Monthly Archives: January 2017

4th Sunday After Epiphany, January 29, 2017

Fourth Sunday After Epiphany (Year A) 

Scripture Readings*: Micah 6:1-8, 1 Corinthians 1:18-31, Matthew 5:1-12, Psalm 15

Micah 6:1-8

The prophet condemns Israel’s leaders and shows the contrast between the corrupt society they had shaped and the glorious and peaceful kingdom to be formed by the coming Messiah/King. God yearns for His people to do good, and walk humbly with Him (vv.3-8). Anything less is displeasing to God. No society that is marked by violence, lying, and deceit will stand – especially when it is called by God’s Name.

1 Corinthians 1:18-31

Paul’s key focus in this passage is that we dare not mix man’s wisdom with God’s revealed message: The cross. God’s wisdom is revealed primarily in the cross of Jesus Christ. Paul points out three different attitudes people have toward the cross:

1) Some will stumble at the cross (v.23a). The Jews were more impressed with miraculous signs, and the cross appeared to be weakness. 2) Some will laugh at the cross (v. 23b). This was the response of the Greeks. To them, the cross was foolishness. It (the cross) defied human wisdom. 3) Some will experience the power and wisdom of the cross (v. 24). Those who have been called by God’s grace and who have responded by faith, realize that Christ is God’s power and wisdom. In the death of Christ, God reveals the foolishness of man’s wisdom and the weakness of man’s power.

Matthew 5:1-12sermon_on_the_mount

Matthew summarizes the preaching of Jesus in a passage known as the “Sermon on the Mount” (chaps. 5–7). Jesus begins with a series of statements known as the “Beatitudes” (5:1–12). These surprising statements of blessing underline the difference between human values and God’s, and call us to view life and success God’s way.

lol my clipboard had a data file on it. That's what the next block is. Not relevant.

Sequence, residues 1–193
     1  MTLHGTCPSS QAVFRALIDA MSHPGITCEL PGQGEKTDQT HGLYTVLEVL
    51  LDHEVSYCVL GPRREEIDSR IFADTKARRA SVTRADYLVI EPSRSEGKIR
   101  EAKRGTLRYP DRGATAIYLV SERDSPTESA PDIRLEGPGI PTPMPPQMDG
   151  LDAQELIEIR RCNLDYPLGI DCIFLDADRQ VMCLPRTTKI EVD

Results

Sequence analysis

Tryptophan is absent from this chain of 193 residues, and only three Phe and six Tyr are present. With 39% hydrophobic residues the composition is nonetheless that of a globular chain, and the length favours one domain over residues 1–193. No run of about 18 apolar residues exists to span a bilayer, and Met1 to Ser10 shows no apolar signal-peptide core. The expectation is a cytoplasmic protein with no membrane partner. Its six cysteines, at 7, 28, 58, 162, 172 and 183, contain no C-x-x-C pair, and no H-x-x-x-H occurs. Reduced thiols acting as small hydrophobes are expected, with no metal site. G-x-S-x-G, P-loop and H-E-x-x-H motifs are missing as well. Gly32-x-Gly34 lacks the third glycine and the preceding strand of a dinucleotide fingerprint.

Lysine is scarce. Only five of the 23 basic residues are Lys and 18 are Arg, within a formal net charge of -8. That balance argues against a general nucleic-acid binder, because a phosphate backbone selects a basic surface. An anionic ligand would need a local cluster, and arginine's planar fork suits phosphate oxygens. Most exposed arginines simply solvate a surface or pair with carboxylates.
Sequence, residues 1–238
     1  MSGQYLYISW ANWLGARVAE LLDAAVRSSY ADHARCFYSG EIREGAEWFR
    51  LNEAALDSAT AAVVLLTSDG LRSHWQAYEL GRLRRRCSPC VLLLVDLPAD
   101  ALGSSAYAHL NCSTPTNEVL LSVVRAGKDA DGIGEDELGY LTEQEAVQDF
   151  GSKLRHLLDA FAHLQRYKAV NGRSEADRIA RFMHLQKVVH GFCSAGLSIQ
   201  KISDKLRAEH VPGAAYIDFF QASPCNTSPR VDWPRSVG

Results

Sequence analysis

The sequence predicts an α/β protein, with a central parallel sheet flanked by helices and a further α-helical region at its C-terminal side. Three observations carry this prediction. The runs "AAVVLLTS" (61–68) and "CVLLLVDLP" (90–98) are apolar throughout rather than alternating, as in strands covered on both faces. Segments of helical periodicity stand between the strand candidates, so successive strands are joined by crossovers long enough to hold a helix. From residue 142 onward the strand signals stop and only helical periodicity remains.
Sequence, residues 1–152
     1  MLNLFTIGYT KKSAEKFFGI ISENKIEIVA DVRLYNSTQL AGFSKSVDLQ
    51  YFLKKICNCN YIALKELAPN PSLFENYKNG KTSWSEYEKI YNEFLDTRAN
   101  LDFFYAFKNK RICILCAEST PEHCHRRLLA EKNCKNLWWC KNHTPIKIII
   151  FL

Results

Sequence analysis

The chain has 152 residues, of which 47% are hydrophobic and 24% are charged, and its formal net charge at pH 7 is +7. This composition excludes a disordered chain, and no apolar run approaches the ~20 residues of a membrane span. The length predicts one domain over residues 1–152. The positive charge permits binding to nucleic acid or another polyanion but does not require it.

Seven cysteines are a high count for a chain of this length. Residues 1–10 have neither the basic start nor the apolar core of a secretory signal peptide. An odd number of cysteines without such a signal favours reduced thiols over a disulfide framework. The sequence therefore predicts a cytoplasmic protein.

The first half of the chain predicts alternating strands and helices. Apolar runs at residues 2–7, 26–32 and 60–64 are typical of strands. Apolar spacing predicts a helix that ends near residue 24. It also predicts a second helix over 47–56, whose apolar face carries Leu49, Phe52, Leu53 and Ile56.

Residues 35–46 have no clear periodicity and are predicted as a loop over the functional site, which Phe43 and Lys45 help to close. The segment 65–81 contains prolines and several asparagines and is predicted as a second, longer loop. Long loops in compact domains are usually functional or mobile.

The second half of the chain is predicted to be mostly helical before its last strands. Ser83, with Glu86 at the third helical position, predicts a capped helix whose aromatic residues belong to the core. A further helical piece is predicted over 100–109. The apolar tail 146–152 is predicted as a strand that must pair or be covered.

What A Fool Believes

The Doobie Brothers had it right… “What a fool believes he sees, no wise man has the power to reason away.”

Today’s readings might well borrow this popular song for its theme. Just listen to the words of Jesus. “Blessed are the poor… those who mourn… the meek…” Then and now, those words run counter to our get-ahead strategies and philosophies. In a “might makes right” world, there’s no value in being meek. “Happy at all costs” trumps those who mourn any day. And in our “he who dies with the most toys wins” world, there’s no glory in being poor in spirit.

The words of Jesus are no less difficult today than they were when He spoke them more than 2000 years ago. And they are no less true.

So… what do you see?

Prayer for Fourth Sunday After Epiphany – “Almighty God, give grace that I may see and know You, revealing your love and life to those around me. Blessed be God forever. Amen.”

*Readings are from the Revised Common Lectionary, Year A

3rd Sunday After Epiphany, January 22, 2017

Third Sunday After Epiphany (Year A)

Scripture Readings*: Isaiah 9:1-4, 1 Corinthians 1:10-18, Matthew 4:12-23, Psalm 27:1, 5-13

Isaiah 9:1-4

The lands of Zebulun and Naphtali (Northern Israel) had been conquered by Assyria. Isaiah sees a future time when a “great light will be revealed” and the nation will multiply and experience increased joy. This “great light” will be the Messiah, who will be human and deity: “A Child is born… A Son is given” (v. 6).

1 Corinthians 1:10-18

Paul is concerned about the division in the church at Corinth. He stresses three Christian priorities: unity, allegiance to the Lord Jesus Christ and the proclamation of the gospel. He asks three questions: Has Christ been divided? Was Paul crucified for you? Were you baptized in the name of Paul (v. 13)? His intent is to have them focus solely upon Jesus so that only the gospel will be proclaimed.

Matthew 4:12-231024px-duccio_di_buoninsegna_036-crop_-715x450